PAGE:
I welcome the section of the Bill dealing with the issue of working to a fair and reasonable timeframe. I look forward to discussing it on Committee Stage in order that we can come to an agreement between the two large parties. The process proposed by the Minister seems to be reasonable. A person or body, whether State, semi-State or private, needs to apply to the board for a decision on whether a particular project is of strategic importance. We must ensure that what is categorised as "of strategic importance" is limited and defined and not merely a process for facilitating private developers progressing profit-driven large-scale projects. That is not the purpose of the Bill. We could have a long debate on the planning process for other such private profit-driven large-scale developments. I would like to see more efficiency in that regard, but that is not what the Bill is about. It is about projects that are of specific national importance to the national spatial strategy, the national development plan or Government policies that need to be implemented across the country.

I wonder if we are giving too much power to An Bord Pleanála and overly reducing local authority input in the assessment process of projects of strategic importance. We need to examine carefully the input process for local authorities and elected members to ensure it is real, as Deputy Haughey pointed out. An attempt is being made to ensure a real consultation process, whereby An Bord Pleanála will listen to what local representatives, local planners and local management have to say. However, I wonder whether that will happen in practice, or whether An Bord Pleanála will make decisions based primarily on national spatial strategy considerations or Government policy. That is the big fear. Consideration of local authority views by An Bord Pleanála is already questionable.

A good example is the case of Indaver — I have nothing against the company — the application of which has been resulted in a long, protracted planning process. I was a member of Cork County Council when it decided to vote to ensure the site chosen by Indaver Ireland on which to build an incinerator would not be zoned for that purpose. Management accepted our decision, but Indaver appealed to An Bord Pleanála to get its way. Despite the outcome of the oral hearing to which I referred and in spite of the fact that the largest local authority in the country had voted democratically not to allow it to happen, An Bord Pleanála decided to allow the planning application to proceed in line with the national waste management strategy. If we are to work on this principle in the future, does local input matter if the overriding motive for a decision is guided by national policy? If we are not careful, we will see a power shift from local decision-making in big planning projects to centralised decision-making. If we can make this work to improve efficiency, then I am in favour of it. However, people need to be aware of the dangers involved.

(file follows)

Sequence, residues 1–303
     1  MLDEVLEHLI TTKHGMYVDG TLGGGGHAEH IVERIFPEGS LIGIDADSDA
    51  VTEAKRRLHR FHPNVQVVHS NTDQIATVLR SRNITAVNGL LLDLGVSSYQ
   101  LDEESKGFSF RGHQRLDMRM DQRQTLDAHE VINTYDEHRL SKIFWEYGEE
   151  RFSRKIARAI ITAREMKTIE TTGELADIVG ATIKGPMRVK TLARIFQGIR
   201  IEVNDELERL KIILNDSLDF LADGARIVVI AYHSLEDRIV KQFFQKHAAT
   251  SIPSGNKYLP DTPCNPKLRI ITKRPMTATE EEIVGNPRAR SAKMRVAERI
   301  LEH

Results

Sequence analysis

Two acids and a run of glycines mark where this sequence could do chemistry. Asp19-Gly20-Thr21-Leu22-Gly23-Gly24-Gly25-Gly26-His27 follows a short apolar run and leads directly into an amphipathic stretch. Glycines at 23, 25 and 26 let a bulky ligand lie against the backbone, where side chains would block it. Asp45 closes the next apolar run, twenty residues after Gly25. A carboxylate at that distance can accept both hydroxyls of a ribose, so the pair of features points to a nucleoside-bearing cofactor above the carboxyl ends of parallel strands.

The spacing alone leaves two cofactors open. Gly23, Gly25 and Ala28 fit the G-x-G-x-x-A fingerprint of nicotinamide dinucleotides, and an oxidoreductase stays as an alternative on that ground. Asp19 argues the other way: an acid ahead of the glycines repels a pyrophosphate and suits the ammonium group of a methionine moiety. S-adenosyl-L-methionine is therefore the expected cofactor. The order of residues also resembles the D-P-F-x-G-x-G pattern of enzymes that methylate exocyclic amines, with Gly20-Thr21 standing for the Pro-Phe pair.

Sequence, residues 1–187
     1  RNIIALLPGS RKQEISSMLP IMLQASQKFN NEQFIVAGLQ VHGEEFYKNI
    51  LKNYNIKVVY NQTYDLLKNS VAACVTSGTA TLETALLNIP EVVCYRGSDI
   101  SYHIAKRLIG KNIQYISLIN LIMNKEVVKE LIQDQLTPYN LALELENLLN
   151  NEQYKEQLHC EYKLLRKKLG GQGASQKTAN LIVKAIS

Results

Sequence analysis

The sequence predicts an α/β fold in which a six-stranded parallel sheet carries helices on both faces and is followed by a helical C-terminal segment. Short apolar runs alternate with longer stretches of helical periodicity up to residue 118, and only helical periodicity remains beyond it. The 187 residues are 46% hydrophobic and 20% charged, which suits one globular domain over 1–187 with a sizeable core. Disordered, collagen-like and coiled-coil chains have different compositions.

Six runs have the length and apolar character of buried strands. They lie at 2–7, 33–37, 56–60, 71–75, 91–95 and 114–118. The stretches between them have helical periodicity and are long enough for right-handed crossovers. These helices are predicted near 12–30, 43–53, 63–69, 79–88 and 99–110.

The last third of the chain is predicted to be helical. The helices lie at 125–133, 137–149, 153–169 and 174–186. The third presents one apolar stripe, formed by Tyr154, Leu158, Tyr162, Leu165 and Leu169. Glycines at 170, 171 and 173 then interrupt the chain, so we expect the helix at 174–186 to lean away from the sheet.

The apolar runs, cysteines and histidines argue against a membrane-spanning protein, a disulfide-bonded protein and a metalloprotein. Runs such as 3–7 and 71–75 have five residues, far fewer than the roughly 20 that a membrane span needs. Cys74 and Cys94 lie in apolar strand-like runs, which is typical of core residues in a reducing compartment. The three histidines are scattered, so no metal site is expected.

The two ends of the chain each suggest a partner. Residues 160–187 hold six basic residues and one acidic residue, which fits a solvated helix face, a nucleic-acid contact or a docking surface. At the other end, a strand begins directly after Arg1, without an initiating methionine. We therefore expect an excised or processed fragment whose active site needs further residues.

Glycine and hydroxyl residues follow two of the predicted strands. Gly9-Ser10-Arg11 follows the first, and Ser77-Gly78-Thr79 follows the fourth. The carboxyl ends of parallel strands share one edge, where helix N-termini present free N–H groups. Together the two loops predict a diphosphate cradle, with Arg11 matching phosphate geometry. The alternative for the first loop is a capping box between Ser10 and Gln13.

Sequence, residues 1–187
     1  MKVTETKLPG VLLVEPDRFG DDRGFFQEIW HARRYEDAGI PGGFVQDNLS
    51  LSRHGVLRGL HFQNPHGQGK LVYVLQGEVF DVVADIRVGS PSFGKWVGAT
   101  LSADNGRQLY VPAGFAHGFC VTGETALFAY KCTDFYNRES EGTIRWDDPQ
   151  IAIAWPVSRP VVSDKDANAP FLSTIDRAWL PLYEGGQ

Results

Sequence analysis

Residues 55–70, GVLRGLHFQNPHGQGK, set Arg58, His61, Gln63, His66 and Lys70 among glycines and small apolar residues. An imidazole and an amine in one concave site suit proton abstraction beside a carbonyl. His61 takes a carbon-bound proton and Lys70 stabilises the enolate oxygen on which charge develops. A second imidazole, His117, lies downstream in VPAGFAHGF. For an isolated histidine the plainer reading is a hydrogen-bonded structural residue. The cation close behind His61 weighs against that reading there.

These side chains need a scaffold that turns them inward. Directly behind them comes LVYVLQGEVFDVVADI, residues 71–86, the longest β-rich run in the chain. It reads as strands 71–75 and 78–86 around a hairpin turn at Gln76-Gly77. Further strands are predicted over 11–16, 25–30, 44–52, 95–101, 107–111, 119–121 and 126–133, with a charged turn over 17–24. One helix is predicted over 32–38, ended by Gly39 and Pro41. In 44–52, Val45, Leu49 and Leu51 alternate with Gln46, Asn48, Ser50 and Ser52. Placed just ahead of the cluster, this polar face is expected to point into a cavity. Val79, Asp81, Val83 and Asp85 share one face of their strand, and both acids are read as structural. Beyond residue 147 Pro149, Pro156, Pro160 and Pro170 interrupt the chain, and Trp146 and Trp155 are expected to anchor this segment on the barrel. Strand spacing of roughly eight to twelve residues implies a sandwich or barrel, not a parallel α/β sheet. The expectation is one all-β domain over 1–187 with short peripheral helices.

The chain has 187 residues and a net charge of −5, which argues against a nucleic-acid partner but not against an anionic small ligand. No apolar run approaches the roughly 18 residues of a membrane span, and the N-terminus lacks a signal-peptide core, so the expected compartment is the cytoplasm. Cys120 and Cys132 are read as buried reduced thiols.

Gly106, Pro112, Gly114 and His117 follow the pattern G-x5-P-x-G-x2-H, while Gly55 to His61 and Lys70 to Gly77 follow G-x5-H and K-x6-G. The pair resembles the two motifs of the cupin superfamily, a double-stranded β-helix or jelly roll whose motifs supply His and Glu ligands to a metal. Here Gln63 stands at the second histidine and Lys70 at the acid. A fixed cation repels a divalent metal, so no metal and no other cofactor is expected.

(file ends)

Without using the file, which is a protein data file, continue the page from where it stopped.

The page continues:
My biggest concern with the Bill relates to the requirement for the board, when assessing an application, to have regard to the national interest on issues of strategic, economic or social importance. Government policy in areas such as waste management, the national development plan, the national spatial strategy and regional planning will strongly influence board decisions. They should do so, but not to the exclusion of other issues. In such cases the board becomes more than a planning agency. It is now taking on the role of facilitating and implementing often unpopular Government policies. In the case of the development of incinerators across the country the board is being used by the Government as a mudguard. Government Deputies do not back planning applications for incinerators in their own constituencies. Instead, we get helpless press releases claiming that the decision is up to An Bord Pleanála which is required to make its decisions on the basis of national interest and Government policy. Incineration forms part of the national waste management strategy, which people will learn if they read the small print. Therefore, the Government is driving the decision making process while blaming An Bord Pleanála for making the decisions. An unhealthy and undemocratic process has thus arisen in which An Bord Pleanála facilitates or forces through unpopular planning decisions and the Government puts its hands in the air and claims it can exert no influence, even though the Government's policies are driving An Bord Pleanála's decisions.